Split-toning is a generic, somewhat mercurial term used to describe the efforts at tonal splits in the darkroom. From the very beginning of photography, split-effects have been used and has formed a historical precedent for several contemporary practitioners of these processes. The question to be considered is when were these visual effects thought of and attempted? The first of the published works were Olivia Parker’s fascinating book, Signs of Life, in 1978 which now out of print and difficult to find.
The processes involved in achieving split effects are extremely diverse and constantly change as paper manufacturers keep reformulating their papers. The processes followed by every practitioner also varies: Olivia Parker, for example, printed on Kodak Azo paper and achieved artistic splits with strong, warm selenium. A book was written by Tim Rudman about the benefits of printing with lith developers and split-toning effects which can be achieved. Practitioners like Philip Borges have used special bleaching and toning methods which tones only certain areas while the remaining photograph remains unaffected. Linda Butler has achieved her split-effects as a result of combining Kodak Polytoner and Forte’s Fortezo paper, while Thomas Joshua Cooper uses a gold-based split-process. To conclude there is no thumb rule experimenting with the processes you might be able to create your own unique style.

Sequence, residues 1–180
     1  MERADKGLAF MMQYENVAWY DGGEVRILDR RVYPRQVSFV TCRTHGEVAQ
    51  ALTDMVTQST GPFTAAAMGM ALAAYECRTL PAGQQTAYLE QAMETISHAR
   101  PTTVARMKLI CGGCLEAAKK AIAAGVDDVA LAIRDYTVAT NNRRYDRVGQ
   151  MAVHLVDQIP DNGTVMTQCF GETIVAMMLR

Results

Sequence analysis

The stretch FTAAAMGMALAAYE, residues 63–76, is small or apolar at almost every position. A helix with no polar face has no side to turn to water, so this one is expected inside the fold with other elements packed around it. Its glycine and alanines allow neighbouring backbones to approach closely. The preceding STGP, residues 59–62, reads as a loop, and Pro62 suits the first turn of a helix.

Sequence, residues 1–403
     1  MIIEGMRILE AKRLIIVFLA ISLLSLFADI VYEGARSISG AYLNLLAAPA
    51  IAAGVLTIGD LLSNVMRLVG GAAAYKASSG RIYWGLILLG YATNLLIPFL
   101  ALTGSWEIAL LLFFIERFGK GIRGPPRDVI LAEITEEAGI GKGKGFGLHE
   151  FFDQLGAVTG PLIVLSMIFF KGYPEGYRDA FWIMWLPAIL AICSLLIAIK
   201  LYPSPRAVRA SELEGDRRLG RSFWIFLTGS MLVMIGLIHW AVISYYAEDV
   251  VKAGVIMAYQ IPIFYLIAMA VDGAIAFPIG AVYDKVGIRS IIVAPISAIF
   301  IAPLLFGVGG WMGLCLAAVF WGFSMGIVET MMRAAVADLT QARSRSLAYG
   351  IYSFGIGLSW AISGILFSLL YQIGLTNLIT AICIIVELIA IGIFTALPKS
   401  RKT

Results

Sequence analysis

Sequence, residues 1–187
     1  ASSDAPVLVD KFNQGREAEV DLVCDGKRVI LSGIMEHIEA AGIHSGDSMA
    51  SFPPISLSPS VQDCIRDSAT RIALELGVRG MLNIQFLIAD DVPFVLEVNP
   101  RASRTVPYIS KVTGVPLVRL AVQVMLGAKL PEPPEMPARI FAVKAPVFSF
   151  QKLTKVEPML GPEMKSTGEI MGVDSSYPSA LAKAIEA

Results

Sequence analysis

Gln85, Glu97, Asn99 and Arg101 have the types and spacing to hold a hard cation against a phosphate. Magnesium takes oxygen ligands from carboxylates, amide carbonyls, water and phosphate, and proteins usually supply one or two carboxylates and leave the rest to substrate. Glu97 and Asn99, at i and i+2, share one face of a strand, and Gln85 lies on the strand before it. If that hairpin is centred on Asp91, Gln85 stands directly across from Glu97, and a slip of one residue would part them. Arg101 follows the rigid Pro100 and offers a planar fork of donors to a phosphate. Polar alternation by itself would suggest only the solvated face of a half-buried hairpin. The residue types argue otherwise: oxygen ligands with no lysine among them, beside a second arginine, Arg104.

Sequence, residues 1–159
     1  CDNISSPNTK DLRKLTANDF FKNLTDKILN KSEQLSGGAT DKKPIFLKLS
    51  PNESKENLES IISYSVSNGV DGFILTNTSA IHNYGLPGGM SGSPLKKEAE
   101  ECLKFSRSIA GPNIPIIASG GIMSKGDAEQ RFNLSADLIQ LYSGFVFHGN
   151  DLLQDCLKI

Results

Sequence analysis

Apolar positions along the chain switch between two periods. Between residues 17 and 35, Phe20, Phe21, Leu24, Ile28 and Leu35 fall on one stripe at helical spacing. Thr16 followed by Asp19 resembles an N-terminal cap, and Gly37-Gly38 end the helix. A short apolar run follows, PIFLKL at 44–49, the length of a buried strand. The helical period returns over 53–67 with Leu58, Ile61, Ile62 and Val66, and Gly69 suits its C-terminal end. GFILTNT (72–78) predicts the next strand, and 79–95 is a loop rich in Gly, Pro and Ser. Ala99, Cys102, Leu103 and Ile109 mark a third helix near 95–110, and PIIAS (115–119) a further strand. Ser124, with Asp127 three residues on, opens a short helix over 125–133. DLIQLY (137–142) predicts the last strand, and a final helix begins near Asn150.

Mordançage is a different name for the historic "etch/bleach" stated in vintage references. Besides, these old references form an excellent reference for tweaking your work of the mordançage process.